Building on this blog post, more on globalization, graphic agitation, and public relations.
From “Against All Odds,” by Adam Hochschild, Mother Jones, January/February 2004
“The superbly organized anti-slavery committee also pioneered several techniques used ever since. For example, they periodically printed copies of ‘a Letter to our Friends in the Country, to inform them of the state of the Business’ — the ancestor of many a newsletter, print or electronic, published by activist groups today. They also agreed on a piece of text delivered to every donor in greater London appealing for another contribution, at least as big as the last. This may have been history’s first direct-mail fundraising letter.
When the famous one-legged pottery entrepreneur Josiah Wedgwood joined the committee, he had one of his craftsmen make a bas-relief of a kneeling slave, in chains, encircled by the legend ‘Am I Not a Man and a Brother?’ American anti-slavery sympathizer Benjamin Franklin, impressed, declared that the image had an impact ‘equal to that of the best written Pamphlet.’ Clarkson gave out 500 of these medallions on his organizing trips. ‘Of the ladies, several wore them in bracelets, and others had them fitted up in an ornamental manner as pins for their hair.’ The equivalent of the lapel buttons we wear for an electoral campaign, this was probably the first widespread use of a logo designed for a political cause. It was the 18th century’s ‘new media.’
Within a few years, another tactic arose from the grassroots. Throughout the length and breadth of the British Isles, people stopped eating the major product harvested by British slaves: sugar. Clarkson was delighted to find a ‘remedy, which the people were... taking into their own hands.... Rich and poor, churchmen and dissenters.... By the best computation I was able to make from notes taken down in my journey, no fewer than three hundred thousand persons had abandoned the use of sugar.’ Almost like ‘fair trade’ food labeling today, advertisements quickly filled the press: ‘BENJAMIN TRAVERS, Sugar-Refiner, acquaints the Publick that he has now an assortment of Loaves, Lumps, Powder Sugar, and Syrup, ready for sale... produced by the labour of FREEMEN.’ Then, as now, the full workings of a globalized economy were largely invisible. The boycott caught people’s imagination because it brought these hidden ties to light. The poet Robert Southey spoke of tea as ‘the blood-sweetened beverage."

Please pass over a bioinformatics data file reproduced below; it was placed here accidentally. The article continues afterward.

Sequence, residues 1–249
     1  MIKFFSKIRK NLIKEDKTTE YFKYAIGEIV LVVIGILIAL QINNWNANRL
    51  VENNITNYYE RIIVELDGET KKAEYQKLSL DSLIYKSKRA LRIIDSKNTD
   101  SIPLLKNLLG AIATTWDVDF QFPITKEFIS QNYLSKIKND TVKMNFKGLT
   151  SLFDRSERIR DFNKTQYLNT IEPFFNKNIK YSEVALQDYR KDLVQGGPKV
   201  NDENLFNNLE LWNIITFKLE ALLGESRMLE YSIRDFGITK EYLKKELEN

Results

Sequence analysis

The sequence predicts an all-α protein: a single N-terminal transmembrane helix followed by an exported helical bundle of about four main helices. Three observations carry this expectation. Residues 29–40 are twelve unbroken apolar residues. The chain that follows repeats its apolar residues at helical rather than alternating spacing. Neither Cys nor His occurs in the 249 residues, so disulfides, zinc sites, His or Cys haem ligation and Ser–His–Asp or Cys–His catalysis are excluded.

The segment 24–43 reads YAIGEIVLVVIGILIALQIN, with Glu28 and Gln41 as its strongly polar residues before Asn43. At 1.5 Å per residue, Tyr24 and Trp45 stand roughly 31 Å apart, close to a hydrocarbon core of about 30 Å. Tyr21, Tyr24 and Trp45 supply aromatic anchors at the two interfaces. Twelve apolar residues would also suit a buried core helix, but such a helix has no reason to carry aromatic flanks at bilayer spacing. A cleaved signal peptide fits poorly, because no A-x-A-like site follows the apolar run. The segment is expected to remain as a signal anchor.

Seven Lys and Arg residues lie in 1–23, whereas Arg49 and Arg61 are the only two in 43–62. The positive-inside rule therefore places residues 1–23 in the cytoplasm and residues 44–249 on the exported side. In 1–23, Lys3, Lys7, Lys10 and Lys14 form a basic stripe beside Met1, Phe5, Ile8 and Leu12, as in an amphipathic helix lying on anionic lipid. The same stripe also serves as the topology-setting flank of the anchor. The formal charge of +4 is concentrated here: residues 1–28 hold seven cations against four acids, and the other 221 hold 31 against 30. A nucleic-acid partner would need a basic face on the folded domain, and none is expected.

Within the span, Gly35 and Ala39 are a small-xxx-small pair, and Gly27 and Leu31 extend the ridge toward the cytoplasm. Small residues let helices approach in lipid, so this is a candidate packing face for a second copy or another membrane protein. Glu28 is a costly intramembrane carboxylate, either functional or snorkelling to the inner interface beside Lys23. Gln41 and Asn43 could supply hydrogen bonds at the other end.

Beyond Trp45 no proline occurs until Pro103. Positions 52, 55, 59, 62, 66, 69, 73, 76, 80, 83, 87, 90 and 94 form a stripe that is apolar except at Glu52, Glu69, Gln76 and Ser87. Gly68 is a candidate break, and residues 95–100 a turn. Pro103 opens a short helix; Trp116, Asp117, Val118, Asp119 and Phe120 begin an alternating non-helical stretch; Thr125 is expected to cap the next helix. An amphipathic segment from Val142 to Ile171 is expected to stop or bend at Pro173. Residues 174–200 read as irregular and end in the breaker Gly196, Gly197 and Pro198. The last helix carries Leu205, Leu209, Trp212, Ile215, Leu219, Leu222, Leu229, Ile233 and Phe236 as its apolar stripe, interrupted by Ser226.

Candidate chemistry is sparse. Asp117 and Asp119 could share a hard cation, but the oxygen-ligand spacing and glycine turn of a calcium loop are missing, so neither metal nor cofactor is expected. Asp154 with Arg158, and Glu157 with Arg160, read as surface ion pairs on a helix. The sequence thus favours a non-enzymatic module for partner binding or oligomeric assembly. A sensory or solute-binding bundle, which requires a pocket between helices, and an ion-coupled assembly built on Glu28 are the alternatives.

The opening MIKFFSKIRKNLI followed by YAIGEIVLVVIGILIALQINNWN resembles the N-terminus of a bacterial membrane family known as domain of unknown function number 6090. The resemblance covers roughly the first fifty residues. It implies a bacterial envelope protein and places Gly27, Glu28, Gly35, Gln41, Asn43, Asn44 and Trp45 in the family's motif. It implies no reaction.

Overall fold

Slavery advocates were horrified. One rushed out a counterpamphlet claiming that ‘sugar is not a luxury; but... a necessary of life; and great injury have many persons done to their constitutions by totally abstaining from it.’
The abolitionists pioneered another key organizing tool as well, and you have seen it. Rare is the TV program or illustrated book about slavery that does not show a detailed, diagramlike top-down view of rows of slaves’ bodies packed like sardines into a ship. The ship is a specific one, the Brookes, of Liverpool, and Clarkson and his colleagues swiftly printed 8,700 copies of the diagram, and it was soon hung on the walls of homes and pubs throughout the country. Part of its brilliance was that it was unanswerable: What could the slave interests do, make a painting of happy slaves on shipboard? Precise, understated, and eloquent in its starkness, it was the first widely reproduced political poster....
Meanwhile, something else feeding the country’s growing antislavery fervor was Olaudah Equiano’s autobiography, a vivid account of his life in slavery and freedom. At seven shillings a copy, it became a best-seller. For an extraordinary five years, he promoted his book throughout the kingdom, winning a particularly friendly reception in Ireland, whose people felt that they, too, knew something about oppression by the British. Equiano’s was the first great political book tour....
The slave interests’ tactics bore a fascinating resemblance to the way industries under assault try to defend themselves today. When, for instance, there were moves in Parliament to try to regulate the treatment of slaves, the planters hastily drew up a lofty-sounding code of conduct of their own and insisted no government interference was necessary. They considered other P.R. techniques as well. ‘The vulgar are influenced by names and titles,’ suggested one pro-slavery writer in 1789. ‘Instead of SLAVES, let the Negroes be called ASSISTANT-PLANTERS; and we shall not then hear such violent outcries against the slave-trade.’”
If, as the author suggests, so many of these grassroots tactics were pioneered here, what was it that made the tactics suddenly possible? Might it have something to do with the increasing availability of cheap paper and printing? A sea change in popular mood and political will fueled by access to decentralized publishing, and direct action in the fields?
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